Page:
- The House Appropriations Committee has approved draconian cuts in spending for farm programs in the budget proposal it reported out on May 31.
- Those cuts would reduce federal crop insurance outlays by 59 percent and chop funding for direct payments, research, nutrition and alternative energy programs.
- Three Iowa Congressmen are asking the Senate Susbcommittee to avoid the path followed by the House Appropriations Committee for the most part.
The 2011 Battle of the Ag Budget continues to heat up as attention shifts toward the spending cuts that are expected to be made when the Senate Appropriations Subcommittee on Agriculture, Rural Development, FDA and Related Agencies begins its deliberations.
On May 31, the House Appropriations Committee passed a $125.5 billion agricultural appropriations bill that would reduce spending by more than $7 billion below what the Obama administration requested for fiscal year 2012. The Republican-controlled House is expected to adopt the bill.
Among the cuts are language that puts a $250,000 adjusted gross income cap on eligibility for farm program payments; a $354-million reduction in research dollars that can be spent by USDA; chopping federal crop insurance program outlays by 59 percent; and a sharp curtailment in conservation and nutrition programs.
Farm organizations have already begun lobbying members of the Senate Appropriations Committee and Committee on Agriculture, Nutrition and Forestry to try to keep those provisions out of the Senate bill.
Meanwhile, Iowa’s three Democratic members of Congress are asking the Appropriations Agriculture Subcommittee to revisit spending for crop insurance and on alternative energy programs, a major issue in Iowa where much of the state’s corn crop goes into ethanol production.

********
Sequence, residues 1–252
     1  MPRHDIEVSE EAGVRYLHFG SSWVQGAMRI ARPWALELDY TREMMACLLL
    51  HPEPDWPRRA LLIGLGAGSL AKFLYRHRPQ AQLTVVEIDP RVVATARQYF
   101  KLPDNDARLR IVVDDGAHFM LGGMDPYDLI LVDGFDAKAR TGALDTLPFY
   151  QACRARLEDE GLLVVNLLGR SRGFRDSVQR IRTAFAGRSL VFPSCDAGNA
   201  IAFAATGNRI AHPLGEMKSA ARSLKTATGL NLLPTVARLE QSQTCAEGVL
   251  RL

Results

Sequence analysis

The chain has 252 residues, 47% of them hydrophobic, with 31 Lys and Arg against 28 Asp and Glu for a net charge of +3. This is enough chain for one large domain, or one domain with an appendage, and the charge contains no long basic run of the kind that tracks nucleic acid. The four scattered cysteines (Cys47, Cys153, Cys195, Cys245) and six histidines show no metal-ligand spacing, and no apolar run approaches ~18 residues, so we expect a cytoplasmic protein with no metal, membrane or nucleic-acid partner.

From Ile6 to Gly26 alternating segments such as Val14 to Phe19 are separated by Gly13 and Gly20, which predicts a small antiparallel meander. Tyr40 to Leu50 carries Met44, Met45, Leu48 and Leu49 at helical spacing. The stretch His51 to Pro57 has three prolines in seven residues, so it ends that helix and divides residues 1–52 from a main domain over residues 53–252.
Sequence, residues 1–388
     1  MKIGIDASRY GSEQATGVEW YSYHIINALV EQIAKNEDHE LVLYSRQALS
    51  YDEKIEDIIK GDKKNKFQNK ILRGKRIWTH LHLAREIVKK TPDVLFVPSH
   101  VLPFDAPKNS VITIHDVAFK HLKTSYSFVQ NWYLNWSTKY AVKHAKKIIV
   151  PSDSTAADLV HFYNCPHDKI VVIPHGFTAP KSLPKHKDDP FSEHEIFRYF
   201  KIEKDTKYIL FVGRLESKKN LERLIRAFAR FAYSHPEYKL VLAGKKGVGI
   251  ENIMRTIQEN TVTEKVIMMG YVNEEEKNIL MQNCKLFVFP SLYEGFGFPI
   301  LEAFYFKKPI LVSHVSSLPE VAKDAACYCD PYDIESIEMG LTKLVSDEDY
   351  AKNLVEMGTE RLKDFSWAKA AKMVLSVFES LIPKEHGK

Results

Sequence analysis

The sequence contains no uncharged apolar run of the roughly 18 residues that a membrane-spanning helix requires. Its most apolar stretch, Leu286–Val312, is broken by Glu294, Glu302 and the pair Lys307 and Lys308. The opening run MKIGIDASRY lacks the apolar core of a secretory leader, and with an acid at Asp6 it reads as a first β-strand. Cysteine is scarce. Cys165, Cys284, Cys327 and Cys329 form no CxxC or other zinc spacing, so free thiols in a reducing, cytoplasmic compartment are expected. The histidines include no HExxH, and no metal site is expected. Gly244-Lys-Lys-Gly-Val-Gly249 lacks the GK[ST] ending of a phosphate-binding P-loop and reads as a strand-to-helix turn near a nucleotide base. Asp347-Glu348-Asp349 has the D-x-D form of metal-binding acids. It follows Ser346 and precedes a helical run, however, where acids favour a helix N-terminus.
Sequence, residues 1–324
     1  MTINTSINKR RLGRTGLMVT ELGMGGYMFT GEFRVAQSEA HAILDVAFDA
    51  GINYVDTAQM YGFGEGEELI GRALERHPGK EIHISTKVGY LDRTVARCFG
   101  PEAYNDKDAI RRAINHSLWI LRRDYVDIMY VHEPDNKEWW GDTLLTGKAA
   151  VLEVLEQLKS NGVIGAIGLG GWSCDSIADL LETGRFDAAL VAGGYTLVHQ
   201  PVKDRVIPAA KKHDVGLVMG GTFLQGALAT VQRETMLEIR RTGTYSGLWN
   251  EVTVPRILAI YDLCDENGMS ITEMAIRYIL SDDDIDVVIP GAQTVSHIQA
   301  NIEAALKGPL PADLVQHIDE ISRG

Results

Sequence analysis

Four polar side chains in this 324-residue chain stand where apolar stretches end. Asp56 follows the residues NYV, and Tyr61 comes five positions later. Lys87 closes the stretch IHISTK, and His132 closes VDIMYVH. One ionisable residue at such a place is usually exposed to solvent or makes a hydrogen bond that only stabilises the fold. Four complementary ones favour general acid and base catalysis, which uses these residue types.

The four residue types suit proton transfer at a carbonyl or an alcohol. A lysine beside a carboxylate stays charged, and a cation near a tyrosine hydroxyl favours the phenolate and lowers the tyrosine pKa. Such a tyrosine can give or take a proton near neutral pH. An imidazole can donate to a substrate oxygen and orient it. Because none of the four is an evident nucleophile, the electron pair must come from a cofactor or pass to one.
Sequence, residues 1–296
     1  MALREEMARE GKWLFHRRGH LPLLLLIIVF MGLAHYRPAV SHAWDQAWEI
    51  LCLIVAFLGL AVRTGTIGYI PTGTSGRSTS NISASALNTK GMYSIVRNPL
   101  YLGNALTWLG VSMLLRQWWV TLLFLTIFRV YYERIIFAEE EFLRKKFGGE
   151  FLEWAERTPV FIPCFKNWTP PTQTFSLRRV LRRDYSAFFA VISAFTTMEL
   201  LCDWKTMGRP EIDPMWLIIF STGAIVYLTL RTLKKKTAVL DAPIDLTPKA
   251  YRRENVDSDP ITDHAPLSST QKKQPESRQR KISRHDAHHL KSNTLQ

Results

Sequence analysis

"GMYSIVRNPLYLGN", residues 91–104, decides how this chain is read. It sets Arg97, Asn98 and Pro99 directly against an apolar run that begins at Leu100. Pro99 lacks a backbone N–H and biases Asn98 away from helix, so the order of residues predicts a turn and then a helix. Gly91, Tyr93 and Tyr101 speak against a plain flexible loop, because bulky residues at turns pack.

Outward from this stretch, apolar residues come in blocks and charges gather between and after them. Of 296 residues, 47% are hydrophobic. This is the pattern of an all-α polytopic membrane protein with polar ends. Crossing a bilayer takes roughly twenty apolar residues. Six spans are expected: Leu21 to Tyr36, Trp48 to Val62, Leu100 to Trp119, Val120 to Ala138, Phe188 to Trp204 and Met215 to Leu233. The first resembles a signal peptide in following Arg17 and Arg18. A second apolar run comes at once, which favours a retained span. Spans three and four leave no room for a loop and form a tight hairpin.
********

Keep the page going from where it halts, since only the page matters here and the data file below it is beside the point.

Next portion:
The three – Bruce Baley, Leonard Boswell and Dave Loebsack – also asked that funding be restored for the U.S. Commodity Futures Trading Commission that the House Committee stripped out to delay implementation of the Dodd-Frank Finance Reform Law.
“Gas prices are climbing and crippling family budgets all over this country, but Washington politicians are trying to undercut the alternative fuel industry that helps lower gas prices and creates thousands of jobs,” said Braley. “Hard-working families and thousands of good-paying jobs depend on this funding.”
Boswell noted the House Appropriations Committee spending bill pulls funding from renewable energy programs while the federal government continues to provide billions of dollars in subsidies to oil companies.
“The House FY 2012 agriculture appropriations bill is short-sighted, and embodies what happens when appropriators legislate without talking to members of the Agriculture Committee who come from agriculture states and understand what it requires to run a farm and get food to our tables,” said Boswell.
To see a copy of the Braley-Boswell-Loebsack letter to Sens. Herb Kohl, D-Wis., and Roy Blunt, R-Mo., the chairman and ranking member of the Senate Agricultural Appropriations Subcommittee, go to http://go.usa.gov/Dm7.
The Iowa Congressmen endorsed the House Committee’s placement of a means test on farm program eligibility, however, noting that more than 30,000 farmers with farm income of $750,000 and off-farm income of $500,000 continue to receive direct payments.
“This is unacceptable, and we encourage you to continue to work on behalf of farmers, ranchers and producers who make under $250,000 adjusted gross income,” the congressmen said. “Maintaining this language secures a safety net by limiting support to only those who need it.